This is paraphrased from Schweser’s practice exams Vol 2, Exam #3, Question 23. Suppose you have a distribution of returns and generate an average return and standard deviation and then calculate the analytical VAR of the portfolio. You then find out that your returns distribution is negatively skewed (more negative returns). This means that you actually have a higher probability of getting a worse outcome than you expect, right? So, would you say that your VAR estimate is biased upward or downward? I am thinking your estimate is not bad enough so your VAR estimate is biased upward. Schweser’s solution says your estimate is not bad enough so your VAR estimate is biased downward. Am I mixing up terms or is Schweser wrong? I was under the impression that if your estimate is not as far to the left in the distribution as it should be, your estimate is biased upward. Is that correct?

if the estimate is not bad enough, it’s lower than it should actually be => Biased downwards.

Let’s say your 95% VAR estimate based on your assumption of a normal distribution is a $10M loss. If the distribution is negatively skewed, wouldn’t that mean the VAR is actually a bigger loss than $10M? If that is the case, is the estimate of 10M biased downwards or upwards? I say upwards since your estimate is further to the right of the distribution than what the 95% VAR actually is.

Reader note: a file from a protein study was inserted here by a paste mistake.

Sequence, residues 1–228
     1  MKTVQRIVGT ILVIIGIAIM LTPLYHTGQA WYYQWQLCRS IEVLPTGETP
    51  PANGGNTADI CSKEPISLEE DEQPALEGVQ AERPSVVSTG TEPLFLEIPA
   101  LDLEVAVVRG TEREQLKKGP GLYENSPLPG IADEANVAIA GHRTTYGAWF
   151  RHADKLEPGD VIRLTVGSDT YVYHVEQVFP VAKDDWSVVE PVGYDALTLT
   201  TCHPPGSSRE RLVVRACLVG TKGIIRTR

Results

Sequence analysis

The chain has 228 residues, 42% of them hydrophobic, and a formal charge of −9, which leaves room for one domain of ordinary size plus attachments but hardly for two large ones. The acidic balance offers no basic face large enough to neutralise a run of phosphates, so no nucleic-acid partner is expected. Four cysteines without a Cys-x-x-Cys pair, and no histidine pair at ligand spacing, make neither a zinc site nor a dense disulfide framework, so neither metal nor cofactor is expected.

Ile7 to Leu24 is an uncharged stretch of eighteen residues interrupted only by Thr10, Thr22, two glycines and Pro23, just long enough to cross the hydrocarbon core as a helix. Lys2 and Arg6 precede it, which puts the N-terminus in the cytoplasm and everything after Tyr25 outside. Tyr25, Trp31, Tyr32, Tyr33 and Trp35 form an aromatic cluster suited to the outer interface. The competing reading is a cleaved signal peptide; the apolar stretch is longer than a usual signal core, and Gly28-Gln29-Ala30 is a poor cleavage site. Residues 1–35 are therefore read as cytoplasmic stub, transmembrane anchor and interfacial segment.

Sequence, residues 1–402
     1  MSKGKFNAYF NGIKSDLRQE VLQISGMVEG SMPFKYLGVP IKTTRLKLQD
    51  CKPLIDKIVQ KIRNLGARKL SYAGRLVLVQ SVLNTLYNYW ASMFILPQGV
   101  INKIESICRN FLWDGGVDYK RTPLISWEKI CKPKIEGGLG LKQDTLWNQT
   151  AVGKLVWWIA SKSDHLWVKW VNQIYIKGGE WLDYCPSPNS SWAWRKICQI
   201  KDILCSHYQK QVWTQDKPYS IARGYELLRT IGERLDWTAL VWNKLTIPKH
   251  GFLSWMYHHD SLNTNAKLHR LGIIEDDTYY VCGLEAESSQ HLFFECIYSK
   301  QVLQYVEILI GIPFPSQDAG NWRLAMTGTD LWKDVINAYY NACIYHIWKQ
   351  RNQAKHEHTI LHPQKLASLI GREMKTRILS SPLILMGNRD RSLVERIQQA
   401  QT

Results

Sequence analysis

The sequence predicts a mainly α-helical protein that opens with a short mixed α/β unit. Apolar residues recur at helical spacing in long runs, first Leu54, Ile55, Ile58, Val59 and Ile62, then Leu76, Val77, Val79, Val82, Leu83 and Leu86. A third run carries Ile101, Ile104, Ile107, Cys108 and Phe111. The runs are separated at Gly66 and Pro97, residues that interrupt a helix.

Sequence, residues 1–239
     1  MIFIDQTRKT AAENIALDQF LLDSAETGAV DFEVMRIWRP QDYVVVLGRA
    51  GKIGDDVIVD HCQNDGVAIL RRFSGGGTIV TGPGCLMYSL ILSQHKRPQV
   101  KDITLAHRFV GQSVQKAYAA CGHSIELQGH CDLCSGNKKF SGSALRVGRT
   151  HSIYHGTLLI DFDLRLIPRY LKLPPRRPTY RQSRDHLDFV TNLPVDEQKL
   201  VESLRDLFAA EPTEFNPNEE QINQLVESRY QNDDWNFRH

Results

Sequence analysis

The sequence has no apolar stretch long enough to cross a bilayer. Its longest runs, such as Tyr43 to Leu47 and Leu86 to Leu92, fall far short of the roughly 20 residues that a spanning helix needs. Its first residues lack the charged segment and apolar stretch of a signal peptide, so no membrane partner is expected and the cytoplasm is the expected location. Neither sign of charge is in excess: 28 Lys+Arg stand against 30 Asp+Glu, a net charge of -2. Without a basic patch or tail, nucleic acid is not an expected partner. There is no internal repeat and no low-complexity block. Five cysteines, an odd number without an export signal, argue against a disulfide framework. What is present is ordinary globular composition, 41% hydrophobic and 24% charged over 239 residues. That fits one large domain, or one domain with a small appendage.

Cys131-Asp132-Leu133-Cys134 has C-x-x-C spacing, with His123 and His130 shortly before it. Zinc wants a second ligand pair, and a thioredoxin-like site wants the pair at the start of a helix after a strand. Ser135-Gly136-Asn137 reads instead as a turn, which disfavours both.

hezagenius Wrote: ------------------------------------------------------- > Let’s say your 95% VAR estimate based on your > assumption of a normal distribution is a $10M > loss. If the distribution is negatively skewed, > wouldn’t that mean the VAR is actually a bigger > loss than $10M? Yes. Actual VaR is higher than the 10M estimate. Hence, the 10M estimate is downward-biased.

Because you are calculating losses when performing VAR I relate losses with negative numbers. If you are underestimating an expected loss you have upwards bias…IMO. Edit OK…but looking at the CFAI materials, they calculate these things on an absolute basis, so in that case then yes there is downward bias. I guess it depends on how you calculate it. I can’t find anywhere where it says to use absolute values, Schweser calculates VAR as a negative number, CFAI as a positive. Go with the CFAI way.

Yeah, I started thinking about it and Schweser’s answer must be in absolute terms. If you say that a worse VAR is “higher”, then the original estimate would have a downward bias. Just something to keep in mind on the exam.